Despite a rocky 2020, for the Canadian property market and the wider economy as well, real estate sales are taking off in 2021.
Part of this is due to the pent-up demand that was put on hold for the previous year. Other factors at play include a general trend towards consumers rethinking what they want from their homes and living situations, resulting in a kind of market “shuffle”, and the historically low-interest rates making new real estate look more tempting than ever.
As an example, January 2021 saw the highest residential sales on record for regions like Revelstoke and South Peace River. Similarly, property prices in Golden BC have increased by 11%, above what would be considered a “normal” rise.
Rocky Mountain regions around and including Golden also showed considerable price and sales growth near the end of last year. But will all this continue? And what does it mean for building trends in and around Golden BC?
Despite the disruptions to listings and sales, construction continued at pace over the last year. As such, there is significant new home stock, and this is reflected in recent sales figures showing new homes performing strongly against resales.
These trends suggest that more construction and sales of new homes are likely to follow.
However, contrary to the overall trend in British Columbia, mountain communities in the Canadian Rockies don’t seem as prone to growth in multi-unit residential buildings. Many of the homes are large single-family homes, reflecting in part the trend towards permanent relocation from larger cities, and a more qualitative preference for the “mountain chalet” aesthetic that brings buyers to this region in the first place.
Also, some evidence suggests that new construction will only partially work to shore up the longer-term shortage of homes and property, and demand will continue to outpace supply. This would mark a consistency with longer-term trends, as almost 50% of the homes in the Golden BC region were built from the 1960s through the 1980s. Compared to that boom, current construction is relatively small scale.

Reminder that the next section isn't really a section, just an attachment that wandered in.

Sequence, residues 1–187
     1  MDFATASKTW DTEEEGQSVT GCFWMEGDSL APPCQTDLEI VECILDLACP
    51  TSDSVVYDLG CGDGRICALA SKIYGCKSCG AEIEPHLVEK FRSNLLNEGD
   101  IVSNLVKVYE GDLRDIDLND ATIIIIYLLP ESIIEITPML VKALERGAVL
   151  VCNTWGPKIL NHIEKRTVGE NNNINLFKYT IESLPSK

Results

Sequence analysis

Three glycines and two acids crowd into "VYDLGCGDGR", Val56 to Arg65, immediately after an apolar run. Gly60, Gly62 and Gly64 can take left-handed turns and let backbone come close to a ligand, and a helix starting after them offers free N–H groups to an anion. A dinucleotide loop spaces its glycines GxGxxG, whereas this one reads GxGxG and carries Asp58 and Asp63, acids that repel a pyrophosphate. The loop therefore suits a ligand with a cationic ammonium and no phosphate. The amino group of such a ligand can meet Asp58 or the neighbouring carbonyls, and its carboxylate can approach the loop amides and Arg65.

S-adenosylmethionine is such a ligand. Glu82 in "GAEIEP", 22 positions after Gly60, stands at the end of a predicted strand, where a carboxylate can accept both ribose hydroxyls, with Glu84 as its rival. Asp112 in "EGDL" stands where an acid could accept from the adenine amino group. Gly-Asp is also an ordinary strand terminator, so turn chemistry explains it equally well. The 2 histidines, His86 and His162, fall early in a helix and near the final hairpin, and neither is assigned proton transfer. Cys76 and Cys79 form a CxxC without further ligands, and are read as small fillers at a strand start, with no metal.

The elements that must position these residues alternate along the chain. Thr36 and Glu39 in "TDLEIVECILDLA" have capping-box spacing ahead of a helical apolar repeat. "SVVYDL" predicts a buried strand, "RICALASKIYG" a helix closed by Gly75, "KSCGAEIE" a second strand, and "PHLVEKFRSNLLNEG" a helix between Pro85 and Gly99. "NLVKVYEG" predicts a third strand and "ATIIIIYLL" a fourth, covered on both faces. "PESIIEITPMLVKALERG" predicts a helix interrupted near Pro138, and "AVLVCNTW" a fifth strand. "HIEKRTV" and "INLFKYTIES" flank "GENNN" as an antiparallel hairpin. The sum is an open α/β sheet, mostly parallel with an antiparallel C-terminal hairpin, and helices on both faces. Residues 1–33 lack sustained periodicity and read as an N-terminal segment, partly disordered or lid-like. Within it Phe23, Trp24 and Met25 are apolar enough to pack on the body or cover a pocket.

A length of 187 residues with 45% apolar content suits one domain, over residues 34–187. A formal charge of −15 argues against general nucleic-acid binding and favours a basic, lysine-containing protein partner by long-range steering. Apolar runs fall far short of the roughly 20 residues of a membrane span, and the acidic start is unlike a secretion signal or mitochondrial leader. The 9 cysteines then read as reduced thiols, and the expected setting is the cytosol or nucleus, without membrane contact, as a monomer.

All of this indicates that resales will rebound and dominate the market, and the drive towards new construction will dissipate.
How does all this compare to the commercial and industrial sectors? For a start, some very large near-term projects in British Columbia (including the site-C dam, and various pipeline initiatives) might put some pressure on skilled professions associated with construction and infrastructure, slowing the pace in other areas.
Also, for the past two years or so, growth in light-industrial construction has only been slight, and commercial or business construction has even shrunk slightly. Whether driven by oversupply or lack of demand, there are no strong indicators that suggest either one of these could change radically. As such, there is likely to be less industrial and commercial real estate growth in the Golden BC region.
In sum, expect to see some near-term growth in single-family home construction, possibly dropping off as homeowners hesitant to list their homes enter the market in the coming years.
Regarding the aesthetic trends in these new homes, buyers will likely see a move to larger floor plans with kitchens arranged and designed more as the artful centerpiece of the home, larger windows allowing for more unobstructed views of the surrounding valleys and mountains, and a move towards a more balance between “traditional” and “modern”.
In recent years the log-and-stone chalet aesthetic has given way to a more sleek modern look, but in the coming years, we’ll probably see a synthesis of these two, combining natural and local materials with modern design principles.